Story by Carlos Rodriguez
Photos by Richard Bartholomew
This is, by the way, my first concours. So bear in mind I am a “Subie” (Subaru) fan being introduced to the world of European cars.
This year marked the 2nd annual Desert Concorso event, which is held in the low desert of California, unlike Concorso Italiano, the “parent event” by the same promoter, that’s held in Monterey. This Palm Springs event isn’t only showcasing Italian cars but additionally cars from all over the world — from America, Japan, and Europe.
The event was held in the Palm Springs stadium which has a breathtaking view of a mountain about 6,000 ft. tall. At first glance… Continue reading →
[Editor’s Note: CBI apologizes in advance for publishing Wallace Wyss’s report on the 2015 Pasadena Art Center Concours so far behind schedule after he submitted it, but hope we can make it up to you by inundating you with an absolute plethora of fantastic photos by Richard Barthlolmew. Kick back, soak them up and enjoy!]
Even using the world “concours” is a bit off base because the Art Center Car Classic occupies its own space in the universe. It makes sense, in a way, that it should be different, in that most of the world’s car designers graduate from that college’s Trans Design program, so this show gives them a chance to see oddball directions taken in car design going back many decades before they were born.
You could argue that there is no consistency to the show, which is crammed in an area about the size of a 50 car parking lot, not like Pebble Beach where there’s acres of land and it is compartmentalized by marque, all the Ferraris are lined up at one end, the Packards at another and so forth. Not at the Art Center Classic, where… Continue reading →
If there is one day a year held dear by French and Italian car fans in Los Angeles, it is the annual French and Italian car day held at Woodley Park in Van Nuys this past weekend, November 1st.
The best thing about this event is that it is free, not for those showing a car but for spectators. But it is still a nominal fee to show a car.
And an additional great thing about the show is… Continue reading →
A nice wrap up of the 2015 Monterey Car Week by Jay Leno, some interesting stuff in here. Love the Cashmere Beige 911 Targa by Singer. That thing should scoot with a 4.0 liter. That along with the Mercedes Benz AMG 300 SEL 6.3 “Red Pig” pictured above would be all we needed in the garage as a pair.
When the committee that runs the PV concours said it was going to relocate this year to a different golf course than Trump International, I worried—in the new location, would I still be able to see the ocean?
That is, after all, the main appeal of staging an event at Palos Verdes, a peninsula that sticks out into the ocean, a peninsula with lots of hills and unbelievable views.
Fortunately the Los Verdes Golf Course,… Continue reading →
We always prefer a preservation over a restoration any day (especially an over restoration), so it’s good to see this 1967 Ferrari 330 GTS that was purchased last year at the Gooding auction in Scottsdale for over $2 million having exactly that done. Scott Grundfor & Company, the Mercedes Benz Gullwing experts, were preparing it for the Pebble Beach show, probably for the Preservation class, but we have not been able to find any photos of it finished or at the show. Did any of our viewers see it there and have any photos of it they would like to share? What’s interesting about this car is that it’s the 5th of only 99 built (auction jargon hype talk) and was originally owned by a prominent cosmetic surgeon named Dr. Samuel L. Scher, a man who pioneered the whole concours car restoration movement. Ironic that this example is not being fully restored, as even the auction blog called it too far gone to be preserved since an engine fire back in 1969 relegated it to sitting in a garage ever since… Continue reading →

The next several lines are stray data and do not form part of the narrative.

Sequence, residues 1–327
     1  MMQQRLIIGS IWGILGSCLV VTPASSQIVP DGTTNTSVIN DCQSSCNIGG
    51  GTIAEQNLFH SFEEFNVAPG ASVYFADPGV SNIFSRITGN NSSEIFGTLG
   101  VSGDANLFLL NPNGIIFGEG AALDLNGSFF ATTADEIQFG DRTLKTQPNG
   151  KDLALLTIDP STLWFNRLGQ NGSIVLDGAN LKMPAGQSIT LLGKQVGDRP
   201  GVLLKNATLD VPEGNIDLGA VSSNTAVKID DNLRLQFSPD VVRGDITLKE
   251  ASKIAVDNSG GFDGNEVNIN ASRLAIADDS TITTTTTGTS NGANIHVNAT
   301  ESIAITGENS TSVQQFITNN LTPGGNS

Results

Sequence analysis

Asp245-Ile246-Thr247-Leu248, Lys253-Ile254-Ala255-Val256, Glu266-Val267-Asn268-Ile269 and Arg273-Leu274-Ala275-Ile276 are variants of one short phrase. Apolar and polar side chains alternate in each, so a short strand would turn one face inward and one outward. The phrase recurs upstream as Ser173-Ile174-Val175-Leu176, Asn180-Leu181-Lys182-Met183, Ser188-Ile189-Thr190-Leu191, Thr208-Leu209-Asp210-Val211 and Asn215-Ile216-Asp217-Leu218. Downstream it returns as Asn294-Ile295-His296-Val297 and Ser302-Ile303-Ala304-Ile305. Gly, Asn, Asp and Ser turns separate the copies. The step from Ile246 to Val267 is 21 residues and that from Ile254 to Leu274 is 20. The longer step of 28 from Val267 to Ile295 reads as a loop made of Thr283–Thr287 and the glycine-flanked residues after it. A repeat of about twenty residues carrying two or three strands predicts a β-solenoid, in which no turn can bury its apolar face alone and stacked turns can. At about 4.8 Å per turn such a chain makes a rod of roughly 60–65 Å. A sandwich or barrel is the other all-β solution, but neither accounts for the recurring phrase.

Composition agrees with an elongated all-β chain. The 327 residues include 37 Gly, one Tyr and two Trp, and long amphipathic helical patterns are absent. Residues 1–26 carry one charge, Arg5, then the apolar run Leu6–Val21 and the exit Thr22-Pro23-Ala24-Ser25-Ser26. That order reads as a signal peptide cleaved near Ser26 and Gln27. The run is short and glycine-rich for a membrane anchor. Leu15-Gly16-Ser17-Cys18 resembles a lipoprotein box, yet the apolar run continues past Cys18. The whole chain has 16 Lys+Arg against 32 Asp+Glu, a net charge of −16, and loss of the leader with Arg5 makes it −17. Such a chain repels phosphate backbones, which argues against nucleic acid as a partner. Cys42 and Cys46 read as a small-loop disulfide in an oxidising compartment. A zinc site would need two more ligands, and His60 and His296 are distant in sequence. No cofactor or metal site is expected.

Tom McDowell is the creator of the show known as Concorso Italiano. Our intrepid correspondent, Wallace Wyss, caught up with him a week after the show to ask him about the show and about Monterey in general.
Daivd Greenbaum, The Editor Continue reading →
Going to the Rolex Monterey Motorsports Revival is like going to a concours where, periodically a horn sounds, and pristine cars roll out of the pits and onto the track where they are thrashed to the nth degree.
This is a different crowd than the ones who “trailer queen” their car to a concours and faint dead away if a bird poops on their car. They are willing to run neck and neck against the very same cars that competed against their car when their car was new.
There’s increasing support from automakers-this year Ford helped by sponsoring the honoring of the Shelby GT350 Mustang, a car that they spawned when they feared back in’64 the Mustang had too much of the image of a “secretary’s car” so they sent some Mustangs over to Cobra creator Carroll Shelby to “map up” the cars.
But there were many more marques at the Rolex Monterey Motorsports Reunion than Shelbys… Continue reading →
So, talking Monterey Car week, I start out on Wednesday night at the McCall aviation shindig. This is held at the Monterey airport and there’s old planes (my favorite a polished P51 Mustang with little swastikas on the side for every Germany plane shot down), new Gulfstreams and other bizjets, and food, and beautiful ladies and usually some sort of super exotic car making its entrance on the US. Market. Last year it was Pagani, from Italy, this year it is Koenigsegg from Sweden, which I don’t find as attractive but it is getting great reviews as far as the driving.